They are the shadow superstars.
Hall-of-Famers or certain future Hall-of-Famers who would be the face and name of their franchise if it were not for one brighter light on the ice.
Jaromir Jagr and Mario Lemieux. Mark Messier and Wayne Gretzky. Leon Draisaitl and Connor McDavid.
While McDavid, the Edmonton Oilers captain, is generally considered the greatest hockey player of his generation, assistant-captain Draisaitl has often been called the second best. McDavid ran away with the NHL scoring championship this season with 153 points on 64 goals and 89 assists. Draisaitl was second overall with 128 points on 52 goals and 76 assists – 15 points ahead of Boston’s David Pastrnak and Tampa Bay’s Nikita Kucherov.
It is in the playoffs, however, that the 27-year-old German’s star has exploded. He is tied with the Florida Panthers’ Matthew Tkachuk in playoff scoring with 15 points, though Tkachuk has played two more games. Draisaitl’s 11 goals – including four Wednesday night in the Oilers’ 6-4 loss to the Vegas Golden Knights – are the most in the first seven games of playoff hockey in more than a century. Newsy Lalonde of the Montreal Canadiens had 15 goals in the first seven games of the 1919 playoffs.
Not even the great Gretzky or Messier accomplished this for the Oilers, though both had nine goals in the first seven matches of the 1983 playoffs. Depending on how far the Oilers go this spring, it is quite possible the NHL playoff record of 19 goals – held by Jari Kurri and Reggie Leach – is within reach for the Edmonton centre.
What is truly astonishing is how little Draisaitl is known, particularly in Central Canada where the Toronto Maple Leafs tend to suck most of the oxygen out of hockey talk, leaving even McDavid gasping for recognition.
Jim Matheson, who has covered the Oilers since the Gretzky-Messier Stanley Cup victories, says Draisaitl is not a race car, as McDavid sometimes appears, but more a muscle car who gets the job done. He played the last several games of last year’s playoffs with a painful high-ankle sprain, yet still put up 32 points in 16 games. Muscle car, indeed.
In the pandemic-shortened 2019-20 season, Draisaitl won the Art Ross Trophy as the leading scorer, as well as the Hart Memorial Trophy as the season’s MVP, but that was sort of a “lost” season for fans and players alike.
Reporters in Edmonton find Draisaitl a serious man who seldom says hello, takes losses badly and can be curt and dismissive at times. At one point this past season, Matheson asked Draisaitl in a news gathering why he was being so “pissy” when it came to not answering simple questions about the team’s current play.
Draisaitl had said he’d rather not talk about such matters and leave such analysis to reporters like Matheson – “You know everything.”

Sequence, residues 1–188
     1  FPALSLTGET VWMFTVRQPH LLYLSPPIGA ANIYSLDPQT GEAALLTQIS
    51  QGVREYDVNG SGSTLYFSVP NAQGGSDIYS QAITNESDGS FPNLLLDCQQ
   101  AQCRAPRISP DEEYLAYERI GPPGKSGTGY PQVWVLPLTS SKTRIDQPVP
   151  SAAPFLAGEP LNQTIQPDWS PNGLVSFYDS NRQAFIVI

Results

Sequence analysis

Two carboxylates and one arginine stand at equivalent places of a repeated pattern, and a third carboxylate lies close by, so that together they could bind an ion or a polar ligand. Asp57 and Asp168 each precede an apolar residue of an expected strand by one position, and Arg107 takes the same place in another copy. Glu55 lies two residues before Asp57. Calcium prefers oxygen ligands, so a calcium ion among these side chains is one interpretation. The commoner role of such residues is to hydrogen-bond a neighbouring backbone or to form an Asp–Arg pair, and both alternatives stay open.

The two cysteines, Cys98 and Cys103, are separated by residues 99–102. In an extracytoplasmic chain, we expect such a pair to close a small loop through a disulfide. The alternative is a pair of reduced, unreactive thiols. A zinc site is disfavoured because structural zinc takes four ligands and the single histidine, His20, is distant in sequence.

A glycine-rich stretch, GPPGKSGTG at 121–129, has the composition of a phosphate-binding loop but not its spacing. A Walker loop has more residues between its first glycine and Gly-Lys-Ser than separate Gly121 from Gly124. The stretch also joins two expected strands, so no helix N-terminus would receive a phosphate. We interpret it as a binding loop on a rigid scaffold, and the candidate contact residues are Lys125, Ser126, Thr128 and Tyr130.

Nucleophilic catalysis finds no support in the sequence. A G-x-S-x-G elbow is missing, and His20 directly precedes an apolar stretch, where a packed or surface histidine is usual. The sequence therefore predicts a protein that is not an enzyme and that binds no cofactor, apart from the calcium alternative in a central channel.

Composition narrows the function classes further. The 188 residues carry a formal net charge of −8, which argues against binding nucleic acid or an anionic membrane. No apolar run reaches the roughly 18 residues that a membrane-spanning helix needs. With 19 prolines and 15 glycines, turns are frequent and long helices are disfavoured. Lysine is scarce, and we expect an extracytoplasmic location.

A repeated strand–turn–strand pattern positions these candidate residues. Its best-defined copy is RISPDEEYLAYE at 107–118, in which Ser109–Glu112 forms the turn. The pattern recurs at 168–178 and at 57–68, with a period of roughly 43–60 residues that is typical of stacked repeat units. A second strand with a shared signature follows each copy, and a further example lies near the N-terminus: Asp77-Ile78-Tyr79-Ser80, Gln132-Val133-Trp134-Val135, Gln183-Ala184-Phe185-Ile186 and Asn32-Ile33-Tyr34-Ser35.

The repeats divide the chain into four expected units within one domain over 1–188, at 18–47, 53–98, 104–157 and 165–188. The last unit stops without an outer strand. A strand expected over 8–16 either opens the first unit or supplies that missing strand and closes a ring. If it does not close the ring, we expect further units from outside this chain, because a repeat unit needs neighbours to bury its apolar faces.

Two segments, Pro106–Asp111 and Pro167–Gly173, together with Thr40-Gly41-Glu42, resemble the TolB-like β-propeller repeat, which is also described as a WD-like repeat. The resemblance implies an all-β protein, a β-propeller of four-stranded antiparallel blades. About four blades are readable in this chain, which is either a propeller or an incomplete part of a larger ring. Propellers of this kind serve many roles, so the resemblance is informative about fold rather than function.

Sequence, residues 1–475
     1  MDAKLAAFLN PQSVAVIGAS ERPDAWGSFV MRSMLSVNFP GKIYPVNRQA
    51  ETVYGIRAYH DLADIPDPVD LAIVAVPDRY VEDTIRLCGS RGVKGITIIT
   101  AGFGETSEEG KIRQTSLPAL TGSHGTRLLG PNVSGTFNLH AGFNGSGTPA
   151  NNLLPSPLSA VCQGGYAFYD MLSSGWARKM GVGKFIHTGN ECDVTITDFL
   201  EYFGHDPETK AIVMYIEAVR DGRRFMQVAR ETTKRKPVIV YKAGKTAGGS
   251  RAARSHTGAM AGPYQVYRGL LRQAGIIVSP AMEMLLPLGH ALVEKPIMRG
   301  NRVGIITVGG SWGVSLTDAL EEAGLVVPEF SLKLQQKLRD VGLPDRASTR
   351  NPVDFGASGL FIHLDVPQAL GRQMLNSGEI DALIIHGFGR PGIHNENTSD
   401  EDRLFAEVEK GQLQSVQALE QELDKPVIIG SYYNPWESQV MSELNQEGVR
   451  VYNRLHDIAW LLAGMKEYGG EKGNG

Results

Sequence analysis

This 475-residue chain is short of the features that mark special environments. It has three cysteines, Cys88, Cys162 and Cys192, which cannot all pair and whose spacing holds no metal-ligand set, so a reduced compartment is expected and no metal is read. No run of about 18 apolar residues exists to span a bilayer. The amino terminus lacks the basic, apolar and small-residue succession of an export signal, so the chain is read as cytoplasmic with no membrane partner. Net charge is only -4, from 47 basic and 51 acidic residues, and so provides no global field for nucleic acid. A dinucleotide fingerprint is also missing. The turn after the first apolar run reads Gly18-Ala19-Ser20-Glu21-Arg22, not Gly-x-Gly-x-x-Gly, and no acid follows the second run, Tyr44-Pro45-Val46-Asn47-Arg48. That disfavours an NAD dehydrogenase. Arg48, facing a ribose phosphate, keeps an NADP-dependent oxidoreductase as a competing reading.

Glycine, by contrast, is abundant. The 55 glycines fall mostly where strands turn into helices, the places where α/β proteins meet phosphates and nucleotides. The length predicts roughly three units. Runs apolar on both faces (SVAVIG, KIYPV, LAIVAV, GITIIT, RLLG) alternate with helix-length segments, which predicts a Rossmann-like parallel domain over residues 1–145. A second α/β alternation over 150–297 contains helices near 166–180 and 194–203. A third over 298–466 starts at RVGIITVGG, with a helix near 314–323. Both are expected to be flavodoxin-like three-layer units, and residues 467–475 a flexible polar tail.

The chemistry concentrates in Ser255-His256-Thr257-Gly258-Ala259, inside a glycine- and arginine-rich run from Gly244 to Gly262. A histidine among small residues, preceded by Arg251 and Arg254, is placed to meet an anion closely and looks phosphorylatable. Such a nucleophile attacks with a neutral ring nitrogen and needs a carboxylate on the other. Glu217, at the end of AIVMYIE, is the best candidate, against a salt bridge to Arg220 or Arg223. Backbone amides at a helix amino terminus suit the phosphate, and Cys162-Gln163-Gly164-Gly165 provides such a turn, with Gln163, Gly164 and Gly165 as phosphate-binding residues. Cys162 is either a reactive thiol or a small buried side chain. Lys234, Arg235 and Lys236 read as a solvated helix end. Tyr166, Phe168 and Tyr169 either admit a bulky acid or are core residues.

Matheson does know a great deal about hockey, so it is worth considering when he says Draisaitl is, in his opinion, the second-best player in the world after McDavid. The next closest would be Colorado Avalanche’s Nathan MacKinnon.
Draisaitl is superb at the faceoff. He has the rare combination of a rocket for a shot, soft hands for passing and 360-degree vision. Teammate Zach Hyman has described Draisaitl as “a 50-goal, pass-first guy.” He may be the best in the league when it comes to delicate backhand passes, and he sees the ice as well, or better, than anyone. There is a story told that when he was playing junior hockey for the Prince Albert Raiders, he taught himself to read reflections on the glass to see where he might sneak a pass to a teammate no one was guarding.
The native of Cologne, Germany, was drafted third overall in the 2014 NHL entry draft, behind Aaron Ekblad (Florida Panthers) and Sam Reinhart (Buffalo Sabres). The now US$8.5-million-a-year superstar was the inspired selection of former Oilers general manager Craig MacTavish.
Just as the happy-go-lucky Jagr never seemed to resent the domineering presence of Lemieux, and power forward Messier was closest friends with the brilliant Gretzky, Draisaitl seems more than content to stand back of the friendly and more outgoing McDavid. As in the other shadow cases, there is no jealousy – just appreciation for what the other means for team success.
Germany has never been known for producing elite hockey players. Traditionally, German teams in Olympic or world hockey championships grind and trap their way to middling success. Germany did win a silver medal at the 2018 Pyeongchang Olympic Games, which featured no NHLers. Usually, the country finishes far lower in world tournaments.
Hockey is always seeing trends, however. Goalies went from being the smallest player to the biggest, from Canadian to European to, today, Russian. Coaches turned from screaming “Let the goalie see the puck!” to yelling “Block shots with your face if you have to!”
Germany has now given the NHL Leon Draisaitl as well as 21-year-old Tim Stutzle, who may well soon be the Ottawa Senators best player. Stutzle is already seen as one of the smartest and most creative players in the game and will only get better with time.
More Draisaitls and Stutzles would be most welcome.